Tuesday, July 2, 2019

Chapter 9: Wire divides, a train connects

Read Time: 5 minutes

“Ooooooh.” The crowd breathes in unison as they enter the station deep underground. It’s the first chance to see GM’s magic train in action.

The fantasy continues…

“Whoosh,” as the Vactrain leaves the station on another demo run full of happy GM workers and their families.


GM’s chair, Bill Smith, wears a smile that seemingly overwhelms his face as he pushes through the crowd of GM employees, toward Brie and the Overture team.

“I knew you’d love it.”

“We love seeing you so happy, Bill.” Brie can’t contain her joy either; she gives Bill a big hug and a kiss on the cheek.

“Whoa, Brie,” he says as he disengages. “It’s so wonderful to have this day, this success, after so much bad news. And more to come, I’m afraid.”

From a seeming engineering impossibility to years of testing, here it was: GM’s high-speed, pneumatic maglev railway scooting around its hundred-mile underground test loop at well over 300 mph. The promise was four times that speed on coast-to-coast runs.


“More to come… What’d he mean?” thinks Brie. A quick check of the news shows what Bill was referring to.

“I’ll unleash a fire and fury…”

“No. No, no, no,” thinks Brie. “Not again.”

“…like the world has never seen,” Trump goes on.

He looks really old now. Old and tired. Here he is, mid-80s, running for president for the fourth time. With term limits gone, redistricting run amok and thousands of activists in jail, President For Life looked possible.

The country has never been more divided.

“Shit,” thinks Brie. “What’s he thinking? That we need another war?”

But of course we need a war. Trump is up for election for the fourth time. The right-wing media, the widespread unrest, billions spent on military contracts and the electoral college have made it possible for Trump to win three terms. “The fourth could be a slam-dunk,” thinks Brie.

And who would run against him? Who could run with all the changes, the redistricting and most of the prominent progressives in jail? But public opinion is shifting.


They started the co-op during Trump’s first term. The founders weren’t focused on politics – they saw Overture as a way to make a positive place in the world for creatives, and started with some fairly modest challenges and concerns about the status quo. Things like…

“It’s not fair that we do all the work and they get all the money.”

“It’s not fair that they pass me over because I’m no longer desirable.”

“It’s not fair that I’m not treated like the rest of the team because I’m on contract.”

“It’s not fair that they bill the client $300 for each of my hours but only pay me $50.”

“It’s not fair that…”

These were the inner-voice feelings that drove the creation of Overture.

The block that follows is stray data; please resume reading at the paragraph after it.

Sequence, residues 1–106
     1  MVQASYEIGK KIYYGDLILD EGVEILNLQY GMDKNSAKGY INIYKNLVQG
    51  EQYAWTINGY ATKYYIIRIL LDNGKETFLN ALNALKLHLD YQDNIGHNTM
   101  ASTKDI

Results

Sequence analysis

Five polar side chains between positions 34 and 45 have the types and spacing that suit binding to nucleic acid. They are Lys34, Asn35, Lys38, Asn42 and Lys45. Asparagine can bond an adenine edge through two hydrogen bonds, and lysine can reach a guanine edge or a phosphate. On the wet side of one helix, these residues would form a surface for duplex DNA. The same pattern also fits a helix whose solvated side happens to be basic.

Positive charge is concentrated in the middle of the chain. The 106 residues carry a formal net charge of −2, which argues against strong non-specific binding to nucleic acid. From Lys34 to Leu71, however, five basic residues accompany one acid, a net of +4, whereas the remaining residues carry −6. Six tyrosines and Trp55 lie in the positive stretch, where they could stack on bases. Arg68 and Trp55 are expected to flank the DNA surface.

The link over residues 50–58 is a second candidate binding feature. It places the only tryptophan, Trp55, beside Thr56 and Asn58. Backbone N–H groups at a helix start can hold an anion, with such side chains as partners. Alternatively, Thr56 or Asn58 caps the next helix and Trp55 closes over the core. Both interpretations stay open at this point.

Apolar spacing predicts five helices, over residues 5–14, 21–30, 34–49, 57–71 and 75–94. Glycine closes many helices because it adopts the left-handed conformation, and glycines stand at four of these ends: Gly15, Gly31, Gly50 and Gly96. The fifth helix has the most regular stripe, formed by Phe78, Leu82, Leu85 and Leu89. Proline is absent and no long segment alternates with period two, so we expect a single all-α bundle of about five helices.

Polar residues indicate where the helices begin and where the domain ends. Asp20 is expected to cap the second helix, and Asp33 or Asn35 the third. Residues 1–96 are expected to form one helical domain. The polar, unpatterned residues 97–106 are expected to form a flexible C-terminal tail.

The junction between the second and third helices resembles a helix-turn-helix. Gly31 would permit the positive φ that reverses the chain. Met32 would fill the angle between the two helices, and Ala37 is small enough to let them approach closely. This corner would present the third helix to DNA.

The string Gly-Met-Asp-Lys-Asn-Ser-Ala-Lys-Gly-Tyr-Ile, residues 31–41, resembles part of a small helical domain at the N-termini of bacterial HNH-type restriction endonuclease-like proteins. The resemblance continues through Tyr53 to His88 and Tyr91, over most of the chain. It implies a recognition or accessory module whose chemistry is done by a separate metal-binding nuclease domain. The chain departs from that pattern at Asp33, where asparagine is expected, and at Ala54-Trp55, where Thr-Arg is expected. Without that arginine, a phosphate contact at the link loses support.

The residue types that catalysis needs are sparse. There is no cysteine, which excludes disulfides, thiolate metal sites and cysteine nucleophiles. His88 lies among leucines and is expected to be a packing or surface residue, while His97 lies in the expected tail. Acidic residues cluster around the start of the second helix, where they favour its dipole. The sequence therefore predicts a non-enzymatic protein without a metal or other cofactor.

Feelings of loneliness, of being left out. Feeling less than, when we knew we were just as worthy as those who were included. Wondering why the only source of income for creatives was in creating desire for things no one needs, or entertainment designed to keep the status quo just as it is.

Time passed and things started to get bad. Worse than bad.


The great global warming created by greed and the never-ending quest for wealth was in full swing now. Mass migrations were causing civil wars. The U.S., UK and EU governed with fortress mentalities. China and Russia were in continuous border skirmishes. Southeast Asia was under water. The world burned, and thousands of Americans slept in the streets, kept from shelter by fences topped with razor wire.


But city infrastructure projects to deal with rising seas were great for General Motors, putting thousands of new employees to work or in training for demanding technical jobs on the new Vactrain project. All good. The Overture team helped GM in its transition to a worker-friendly place, and had won multiple contract extensions.

Not only had GM become worker-friendly, but the company was moving to becoming worker-directed.

But things were not good for those on the margins.


“These people don’t know how to work for a living. By giving them everything, we’re taking away their incentive to work.”

This from the project boss-man as the city’s Public Reclamation Team arrived at the site to be cordoned off.


Sadly, we know that the days of shooting buffalo to see them fall are not over. That safaris for the rich to shoot the last of the elephants continue. And visits to the jungle to see the gorillas starving in their ever-smaller habitat continue to be popular.

Thousands leave their lives near the equator, their farms no longer able to sustain them.

The world, the life we’ve created in the so-called First World was never sustainable.


The boss goes on…

“Fence off these spaces under the bridge. Keep those dirty squatters from using it as shelter.”

“But boss, they’ll just climb over the fences…”

“Put the razor wire on top. That’ll slow them down. Filthy bastards.”

Contrast, contradictions

The Overture team files onto the Vactrain. Thrilled – they’re simply thrilled.

Many of them have worked on the design of the train as well as the station, created the communications for the project, and helped GM manage the massive social component. With 100,000 employees engaged online conversing with the world about the Vactrain project and everything else GM is doing, the social team is more than busy.

Here we are with thousands on the streets. Another war in the offing, but this wonderful train we’ve helped bring to life. Hope is still alive amid the ugliness.

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